When Lindsey Smith ’06, MSN’15 volunteered as a nurse practitioner at the Idomeni refugee camp on the outskirts of Thessaloniki, Greece, the last thing she expected to find was kindness and generosity from families who lost everything. But she did. And this hospitality from strangers is why she is devoting her life to helping more displaced women and children.
Half of all Syrians, the majority Sunni Muslims because Islam is the official religion in Syria, are now refugees fleeing a civil war. According to the U.S. Department of State, 6.5 million are displaced inside the country and 4.6 million are forced to seek safety beyond its borders.
“Hundreds of thousands were arriving on the shores of Greece last spring, and the borders were sealed and people were stranded,” recalls Smith. “About 30,000 were waiting at this newly built military-enforced border in horrible conditions, living in tents on the dirt and on the train tracks. It was cold. It was wet, and people were burning plastic just to keep warm.”
Smith’s journey to the Greek-Macedonian border began when she joined the Syrian American Medical Society’s team after learning about them at the Twin Cities Arab Film Festival. Her nursing skills came in handy while treating refugees with stroke, hypertension, diabetes, asthma, mental health concerns, burns and lost limbs. She learned how to dispense care from a van in the middle of an empty field, with no running water. “We did the best we could,” she says. “It was jungle medicine, really.”
Nonetheless, Smith found joy in the people she served. “The refugees had to stand in line two to three hours per day just to get food — a banana, an apple, a bottle of water and a sandwich — and yet, they would invite me to tea,” she says, “and they were more concerned that I was fed so I could help other people.”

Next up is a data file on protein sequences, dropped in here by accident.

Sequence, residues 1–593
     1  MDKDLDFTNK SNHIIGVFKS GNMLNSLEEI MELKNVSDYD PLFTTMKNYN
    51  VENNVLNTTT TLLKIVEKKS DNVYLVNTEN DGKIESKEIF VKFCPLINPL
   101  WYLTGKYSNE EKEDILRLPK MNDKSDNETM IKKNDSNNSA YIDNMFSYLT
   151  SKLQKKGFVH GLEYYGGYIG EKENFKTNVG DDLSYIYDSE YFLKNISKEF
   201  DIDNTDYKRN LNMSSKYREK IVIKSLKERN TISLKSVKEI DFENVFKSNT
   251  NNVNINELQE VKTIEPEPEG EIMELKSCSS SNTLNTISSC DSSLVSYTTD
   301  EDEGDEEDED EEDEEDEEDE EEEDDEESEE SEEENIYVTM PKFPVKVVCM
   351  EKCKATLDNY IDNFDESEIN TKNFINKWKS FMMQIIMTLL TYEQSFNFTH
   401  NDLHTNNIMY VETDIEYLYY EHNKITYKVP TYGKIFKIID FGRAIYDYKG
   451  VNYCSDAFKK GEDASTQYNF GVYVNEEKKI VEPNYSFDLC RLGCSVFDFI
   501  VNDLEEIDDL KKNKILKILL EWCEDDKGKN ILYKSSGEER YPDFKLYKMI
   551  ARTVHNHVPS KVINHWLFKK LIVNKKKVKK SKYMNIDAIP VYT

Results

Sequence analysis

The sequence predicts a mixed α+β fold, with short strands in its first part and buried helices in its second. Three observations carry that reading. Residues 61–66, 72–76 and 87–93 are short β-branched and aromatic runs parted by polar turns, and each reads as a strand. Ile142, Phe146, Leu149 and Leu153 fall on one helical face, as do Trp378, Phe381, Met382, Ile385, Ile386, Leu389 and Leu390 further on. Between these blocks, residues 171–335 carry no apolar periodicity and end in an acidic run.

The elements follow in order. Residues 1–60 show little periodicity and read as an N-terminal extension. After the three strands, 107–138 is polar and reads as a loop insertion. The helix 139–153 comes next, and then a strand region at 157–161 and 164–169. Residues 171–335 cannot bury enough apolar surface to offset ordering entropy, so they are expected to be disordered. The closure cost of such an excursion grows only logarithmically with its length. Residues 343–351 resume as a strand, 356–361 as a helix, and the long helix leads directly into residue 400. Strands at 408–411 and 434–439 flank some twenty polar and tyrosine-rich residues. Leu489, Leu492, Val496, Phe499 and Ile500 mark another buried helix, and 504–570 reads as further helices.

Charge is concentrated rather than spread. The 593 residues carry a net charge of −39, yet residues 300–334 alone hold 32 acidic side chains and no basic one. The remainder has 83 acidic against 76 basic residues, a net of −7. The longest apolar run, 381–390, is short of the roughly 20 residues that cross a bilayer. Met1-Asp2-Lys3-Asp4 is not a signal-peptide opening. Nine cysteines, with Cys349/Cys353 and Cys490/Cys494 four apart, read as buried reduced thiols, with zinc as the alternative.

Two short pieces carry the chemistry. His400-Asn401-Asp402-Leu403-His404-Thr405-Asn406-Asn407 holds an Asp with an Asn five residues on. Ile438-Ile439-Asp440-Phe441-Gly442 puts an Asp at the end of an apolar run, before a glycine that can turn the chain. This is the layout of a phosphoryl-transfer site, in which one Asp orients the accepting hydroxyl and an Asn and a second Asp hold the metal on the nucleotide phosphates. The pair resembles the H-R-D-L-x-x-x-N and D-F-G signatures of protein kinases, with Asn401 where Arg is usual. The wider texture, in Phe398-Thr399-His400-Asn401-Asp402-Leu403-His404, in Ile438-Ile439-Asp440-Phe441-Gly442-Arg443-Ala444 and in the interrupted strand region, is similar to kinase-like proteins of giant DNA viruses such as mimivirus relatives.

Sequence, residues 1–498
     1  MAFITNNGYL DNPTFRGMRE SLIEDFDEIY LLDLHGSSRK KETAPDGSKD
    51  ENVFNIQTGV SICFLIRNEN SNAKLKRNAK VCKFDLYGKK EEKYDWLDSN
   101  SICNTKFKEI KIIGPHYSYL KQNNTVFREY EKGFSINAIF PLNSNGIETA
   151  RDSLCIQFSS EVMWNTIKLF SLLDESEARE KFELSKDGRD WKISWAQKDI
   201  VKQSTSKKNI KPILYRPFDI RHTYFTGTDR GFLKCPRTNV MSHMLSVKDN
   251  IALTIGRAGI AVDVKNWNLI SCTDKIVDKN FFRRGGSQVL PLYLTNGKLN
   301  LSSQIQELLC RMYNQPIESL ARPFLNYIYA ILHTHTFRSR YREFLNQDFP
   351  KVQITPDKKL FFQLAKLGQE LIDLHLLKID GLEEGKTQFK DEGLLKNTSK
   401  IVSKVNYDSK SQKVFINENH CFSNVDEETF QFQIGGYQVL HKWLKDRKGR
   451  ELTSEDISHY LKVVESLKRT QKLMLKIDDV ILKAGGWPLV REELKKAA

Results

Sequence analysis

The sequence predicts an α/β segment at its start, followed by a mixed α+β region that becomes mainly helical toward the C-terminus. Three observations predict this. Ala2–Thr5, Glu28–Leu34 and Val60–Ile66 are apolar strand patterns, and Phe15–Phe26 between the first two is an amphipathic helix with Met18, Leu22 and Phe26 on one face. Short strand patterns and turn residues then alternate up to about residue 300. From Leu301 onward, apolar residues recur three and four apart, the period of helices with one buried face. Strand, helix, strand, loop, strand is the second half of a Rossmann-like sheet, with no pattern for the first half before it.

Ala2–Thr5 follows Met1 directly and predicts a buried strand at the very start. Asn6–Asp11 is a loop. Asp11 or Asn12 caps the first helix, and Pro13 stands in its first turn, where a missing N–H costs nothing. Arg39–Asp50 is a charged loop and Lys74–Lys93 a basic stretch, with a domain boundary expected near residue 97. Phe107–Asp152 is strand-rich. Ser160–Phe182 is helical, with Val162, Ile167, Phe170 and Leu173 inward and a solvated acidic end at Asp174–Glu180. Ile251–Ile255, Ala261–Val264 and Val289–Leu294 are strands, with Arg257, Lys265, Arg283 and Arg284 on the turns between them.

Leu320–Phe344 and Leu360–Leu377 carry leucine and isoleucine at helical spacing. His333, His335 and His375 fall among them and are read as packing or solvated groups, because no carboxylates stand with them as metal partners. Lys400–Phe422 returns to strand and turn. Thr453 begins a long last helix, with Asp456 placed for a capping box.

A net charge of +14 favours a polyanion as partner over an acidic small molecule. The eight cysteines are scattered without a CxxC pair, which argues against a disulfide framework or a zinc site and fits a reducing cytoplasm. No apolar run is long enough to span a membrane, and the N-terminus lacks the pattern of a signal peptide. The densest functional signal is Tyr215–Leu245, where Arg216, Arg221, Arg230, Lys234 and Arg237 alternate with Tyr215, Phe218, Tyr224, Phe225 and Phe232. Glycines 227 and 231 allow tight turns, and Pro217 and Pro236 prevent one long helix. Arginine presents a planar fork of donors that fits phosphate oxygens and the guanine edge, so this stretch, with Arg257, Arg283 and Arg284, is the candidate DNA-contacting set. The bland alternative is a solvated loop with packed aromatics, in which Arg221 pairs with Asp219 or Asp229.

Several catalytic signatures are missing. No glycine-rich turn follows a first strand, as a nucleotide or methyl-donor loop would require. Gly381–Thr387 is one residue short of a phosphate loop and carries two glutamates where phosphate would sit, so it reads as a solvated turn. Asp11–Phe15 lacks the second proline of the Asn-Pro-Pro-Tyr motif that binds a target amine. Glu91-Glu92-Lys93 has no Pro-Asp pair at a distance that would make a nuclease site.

Smith isn’t new to helping the stricken. After earning her bachelor’s in nursing from St. Kate’s, she landed a job in Los Angeles as director of nursing with Angeles Vista Hospice. “I fell in love with end-of-life care,” she explains, “and realized I really wanted to open a hospice that provides culturally specific care to minority groups in the United States, including Muslims, Hmong and Native Americans.”
So, she moved back to Minnesota, and returned to St. Kate’s, to further her professional goals.
Smith’s one regret after her trip to Greece was that she didn’t stay longer. “I can’t imagine losing family and friends the way some of these refugees have, and making that decision to leave my home and cross the sea. But then I think, any time you put your family in unsafe waters, you are safer than where you left.”
In September 2016, she worked at three camps in Thessaloniki and one in the mountains of northern Greece (for 1,500 Yazidis, a tribe from Iraq). She and another nurse from Minneapolis sponsored a refugee who spoke Arabic and Kurdish to translate. A result of doing this: Smith met veterinarians, engineers, doctors and a neurosurgeon among those running for their lives.
“These people are no longer refugees to me; many are my dear friends,” she says. In fact, they sent “all these wonderful messages” for her recent birthday.
Was she ever scared at the camps? “Only once,” she replies, “when the riot police came in shooting tear gas. But that could happen anywhere with 30,000 people — like at a rock concert.”
This fall, Smith plans to head to Lebanon with a medical team of her own. She is trying to connect with interested nurses, pediatricians, gynecologists and dentists. The need is huge, she notes, with one-and-a-half million refugees estimated to have entered the country. “You see the numbers on the news, and the refugee crisis seems so far away,” she says, “but once you know those people, those numbers become hopes and dreams, and stories.”
And Smith intends to help make her new friends’ hopes and dreams come true.
Photos courtesy of Lindsey Smith.